We’re naturally drawn to simple explanations. And if they tap into our fears and exploit our cognitive biases – systematic errors we make when we interpret information – they can be extremely seductive.

Conspiracy theories, such as the one suggesting 5G is the cause of COVID-19, take off because they offer a simple explanation for something frightening and complex. This particular claim also feeds into concerns some people may have about new technologies.

As a general rule, when something appears too good or too bad to be true, it usually is.

5. Cherry-picking

People who use this approach treat scientific studies like individual chocolates in a gift box, where you can choose the ones you like and disregard the ones you don’t. Of course, this isn’t how science works.

It’s important to understand not all studies are equal; some provide much stronger evidence than others. You can’t just conveniently put all your faith in the studies that align with your views, and ignore those that don’t.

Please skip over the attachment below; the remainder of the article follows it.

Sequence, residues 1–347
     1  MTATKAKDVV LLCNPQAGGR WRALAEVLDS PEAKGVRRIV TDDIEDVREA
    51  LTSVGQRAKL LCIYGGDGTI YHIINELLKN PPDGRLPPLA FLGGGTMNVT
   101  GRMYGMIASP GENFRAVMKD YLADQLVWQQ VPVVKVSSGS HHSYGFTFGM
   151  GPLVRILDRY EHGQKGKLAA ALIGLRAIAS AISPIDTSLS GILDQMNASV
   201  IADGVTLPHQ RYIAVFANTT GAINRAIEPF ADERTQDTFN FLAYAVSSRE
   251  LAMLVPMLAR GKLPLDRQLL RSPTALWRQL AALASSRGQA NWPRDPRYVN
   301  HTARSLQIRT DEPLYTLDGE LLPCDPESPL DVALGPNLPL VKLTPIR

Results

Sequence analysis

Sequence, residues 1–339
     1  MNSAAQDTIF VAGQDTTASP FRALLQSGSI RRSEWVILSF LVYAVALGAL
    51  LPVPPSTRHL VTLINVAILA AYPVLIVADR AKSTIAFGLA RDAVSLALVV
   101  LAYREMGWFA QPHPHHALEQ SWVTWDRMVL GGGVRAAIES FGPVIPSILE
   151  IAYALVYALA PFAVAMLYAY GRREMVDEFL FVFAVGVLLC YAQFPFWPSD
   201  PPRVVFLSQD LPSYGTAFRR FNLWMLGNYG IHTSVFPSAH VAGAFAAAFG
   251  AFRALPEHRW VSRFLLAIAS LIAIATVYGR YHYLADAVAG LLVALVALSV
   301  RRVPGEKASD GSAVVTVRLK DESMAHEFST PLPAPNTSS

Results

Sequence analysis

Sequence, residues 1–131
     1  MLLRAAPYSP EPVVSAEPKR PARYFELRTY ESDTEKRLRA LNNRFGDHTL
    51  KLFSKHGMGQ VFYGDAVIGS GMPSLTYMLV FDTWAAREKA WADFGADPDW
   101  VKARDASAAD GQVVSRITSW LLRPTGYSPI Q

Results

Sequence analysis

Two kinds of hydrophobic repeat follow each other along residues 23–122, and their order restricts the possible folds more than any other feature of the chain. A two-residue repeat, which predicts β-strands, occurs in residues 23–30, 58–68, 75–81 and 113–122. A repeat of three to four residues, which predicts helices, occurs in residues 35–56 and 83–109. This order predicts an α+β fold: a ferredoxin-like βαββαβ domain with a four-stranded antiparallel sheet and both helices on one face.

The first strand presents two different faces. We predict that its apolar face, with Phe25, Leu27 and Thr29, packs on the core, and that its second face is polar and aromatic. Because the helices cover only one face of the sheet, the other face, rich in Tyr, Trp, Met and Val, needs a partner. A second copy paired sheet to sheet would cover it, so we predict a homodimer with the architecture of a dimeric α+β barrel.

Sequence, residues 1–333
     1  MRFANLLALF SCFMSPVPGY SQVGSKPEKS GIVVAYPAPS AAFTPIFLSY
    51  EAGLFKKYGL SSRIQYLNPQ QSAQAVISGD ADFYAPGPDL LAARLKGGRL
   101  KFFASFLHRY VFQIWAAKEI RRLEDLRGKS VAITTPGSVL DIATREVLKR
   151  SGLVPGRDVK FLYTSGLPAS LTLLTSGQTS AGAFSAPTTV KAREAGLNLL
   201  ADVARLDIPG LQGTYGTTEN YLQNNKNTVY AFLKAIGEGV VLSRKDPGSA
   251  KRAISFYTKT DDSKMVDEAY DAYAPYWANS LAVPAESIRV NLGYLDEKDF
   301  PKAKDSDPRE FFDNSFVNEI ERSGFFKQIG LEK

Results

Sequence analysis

When scientists evaluate evidence, they go through a systematic process to assess the whole body of evidence. This is a crucial task that requires expertise.

The cherry-picking tactic can be hard to counter because unless you’re across all the evidence, you’re not likely to know whether the studies being presented have been deliberately curated to mislead you.

This is yet another reason to rely on the experts who understand the full breadth of the evidence and can interpret it sensibly.

The pandemic has highlighted the speed at which misinformation can travel, and how dangerous this can be. Regardless of how sensible or educated we think we are, we can all be taken in by people trying to mislead us.

The key to preventing this is to understand some of the common tactics used to mislead, so we’ll be better placed to spot them, and this may prompt us to seek out more reliable sources of information.

The Conversation

Hassan Vally does not work for, consult, own shares in or receive funding from any company or organisation that would benefit from this article, and has disclosed no relevant affiliations beyond their academic appointment.

/Courtesy of The Conversation. This material comes from the originating organization and may be of a point-in-time nature, edited for clarity, style and length.